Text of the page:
This week we discussed what biomedicine was and some of the issues associated with the use of biomedicine. Biomedicine explains health in terms of biology. In other words, it uses scientific explanations for all things medical. It is used to treat disease and maintain health but it has a couple claims that aren’t necessarily true. First biomedicine claims that its an universal form of treatment, and secondly, that its independent from cultural context or human influence. These claims are not 100% true because culture has a huge impact on health, illness, and healing. Not all people are the same, and therefore treatment and cause of illness may vary. Therefore, in addition to the biological functions that are deemed necessary for healing, cultural aspects are also important and may be required for a person to completely heal. Its important that people realize the biomedicine is indeed culturally constructed and will change over time as the world and its contents change. Many changes and advancements made through biomedicine are a reflection of Western medicine, and do not account for those will varying cultures.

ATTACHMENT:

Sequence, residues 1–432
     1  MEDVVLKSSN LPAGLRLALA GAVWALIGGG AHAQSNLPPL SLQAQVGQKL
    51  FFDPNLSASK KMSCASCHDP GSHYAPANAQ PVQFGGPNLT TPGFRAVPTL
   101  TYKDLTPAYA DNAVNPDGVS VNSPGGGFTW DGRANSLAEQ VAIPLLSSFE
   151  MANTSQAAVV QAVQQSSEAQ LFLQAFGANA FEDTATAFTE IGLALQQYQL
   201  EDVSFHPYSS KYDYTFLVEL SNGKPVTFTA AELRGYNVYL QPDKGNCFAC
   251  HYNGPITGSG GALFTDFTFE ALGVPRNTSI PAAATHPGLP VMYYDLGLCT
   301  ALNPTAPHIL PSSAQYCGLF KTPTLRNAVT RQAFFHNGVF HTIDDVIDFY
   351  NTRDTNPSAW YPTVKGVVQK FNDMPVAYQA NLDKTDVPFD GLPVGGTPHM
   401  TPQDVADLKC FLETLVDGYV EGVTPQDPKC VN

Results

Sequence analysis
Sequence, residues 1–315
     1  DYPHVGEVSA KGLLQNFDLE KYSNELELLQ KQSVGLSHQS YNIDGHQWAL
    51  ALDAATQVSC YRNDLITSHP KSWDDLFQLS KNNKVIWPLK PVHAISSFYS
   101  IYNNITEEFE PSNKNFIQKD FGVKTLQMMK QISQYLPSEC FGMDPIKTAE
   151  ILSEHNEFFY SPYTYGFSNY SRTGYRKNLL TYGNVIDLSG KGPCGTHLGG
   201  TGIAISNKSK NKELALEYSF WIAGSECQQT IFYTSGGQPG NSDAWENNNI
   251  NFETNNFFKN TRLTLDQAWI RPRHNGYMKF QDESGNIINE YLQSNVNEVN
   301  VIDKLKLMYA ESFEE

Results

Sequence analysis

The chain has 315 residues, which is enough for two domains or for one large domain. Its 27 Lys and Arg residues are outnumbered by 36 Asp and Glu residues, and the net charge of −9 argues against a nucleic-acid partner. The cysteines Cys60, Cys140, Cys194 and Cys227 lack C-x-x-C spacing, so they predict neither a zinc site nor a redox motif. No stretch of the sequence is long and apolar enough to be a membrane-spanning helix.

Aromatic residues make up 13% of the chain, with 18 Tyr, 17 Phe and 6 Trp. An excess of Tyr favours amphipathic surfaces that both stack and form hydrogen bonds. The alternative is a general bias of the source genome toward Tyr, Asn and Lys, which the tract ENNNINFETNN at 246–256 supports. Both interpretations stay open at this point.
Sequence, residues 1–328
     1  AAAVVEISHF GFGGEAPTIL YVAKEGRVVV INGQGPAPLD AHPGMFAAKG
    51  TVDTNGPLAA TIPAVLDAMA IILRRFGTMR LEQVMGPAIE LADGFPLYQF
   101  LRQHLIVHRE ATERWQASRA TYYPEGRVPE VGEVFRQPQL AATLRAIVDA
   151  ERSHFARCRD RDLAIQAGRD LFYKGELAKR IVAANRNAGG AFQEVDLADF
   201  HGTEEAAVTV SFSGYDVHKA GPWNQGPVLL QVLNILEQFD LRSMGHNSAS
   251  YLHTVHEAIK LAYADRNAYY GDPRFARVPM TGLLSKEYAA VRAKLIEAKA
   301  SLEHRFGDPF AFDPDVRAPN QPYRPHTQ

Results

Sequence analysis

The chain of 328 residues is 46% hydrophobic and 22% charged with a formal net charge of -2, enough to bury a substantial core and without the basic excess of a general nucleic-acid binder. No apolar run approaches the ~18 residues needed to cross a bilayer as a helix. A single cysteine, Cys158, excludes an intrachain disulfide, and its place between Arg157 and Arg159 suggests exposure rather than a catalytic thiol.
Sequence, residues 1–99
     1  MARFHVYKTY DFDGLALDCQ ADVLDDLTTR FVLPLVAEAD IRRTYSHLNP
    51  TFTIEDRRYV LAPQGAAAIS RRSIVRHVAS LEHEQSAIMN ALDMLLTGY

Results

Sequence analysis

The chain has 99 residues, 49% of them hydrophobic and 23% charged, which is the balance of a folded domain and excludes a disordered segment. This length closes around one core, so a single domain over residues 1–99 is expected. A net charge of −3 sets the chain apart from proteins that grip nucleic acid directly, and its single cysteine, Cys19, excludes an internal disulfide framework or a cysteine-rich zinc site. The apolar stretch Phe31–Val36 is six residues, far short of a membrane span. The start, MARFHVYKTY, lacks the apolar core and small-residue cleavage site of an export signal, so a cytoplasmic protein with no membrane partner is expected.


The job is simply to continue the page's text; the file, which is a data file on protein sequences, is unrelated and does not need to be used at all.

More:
My opinion about dichotomies are that they are created to address differences between two things, but as the same time, I feel that they disregard many other factors including cultural factors, that actually blur the definition of those subjects making the difference less apparent. I think they came from social stigmas, or were deemed “normal” behaviors because this the way most people did it, because they learned from one another. For this example, I chose to discuss further the dichotomy life and death. By dictionary definition or from a biological/biomedical standpoint, people may be able to differentiate life and death, but due to personal beliefs or cultural differences, that fine line between life and death becomes more important. I feel this dichotomy is accepted as logical/natural/true in western society because the most common form of life and death, the literal and over-generalized form of birth and burial, are common and often celebrated events. They are thought as the timeline of life and are natural events. It is assumed that everyone should be born into this world and taken out in the same way. Western society does a good job of hiding the other conditions of life and death and anything outside the “norm” is considered taboo and often cause political and social outburst. I remember last year there was a story about a young girl in California who has a tonsillectomy, and ended up in a coma. The doctors declared her “brain dead” so insisted that her family allow her to peacefully pass away. Her family did not believe this to be true based off their own perspectives. They fought for the right to keep this young girl alive long enough to prove that she wasn’t dead. There was conflict, law suits, and differences in opinion. The question is, who is right? Who has the right to make that call? The doctor because they are educated in the medical and science field and due to the biomedical culture that would declare this young girl dead? Or would the parents be correct because they felt in their hearts there were signs of life and that she didn’t deserve to be let go of yet? I think this is where that fine line between life and death and the issues of biomedicine appear. As time went on, there were supposedly signs of life in the young girl and then the question of personal culture and their influence on healing come in handy and would have an important role in the decision making. I do not think that the aspects of biomedicine would be enough to make that type of decision.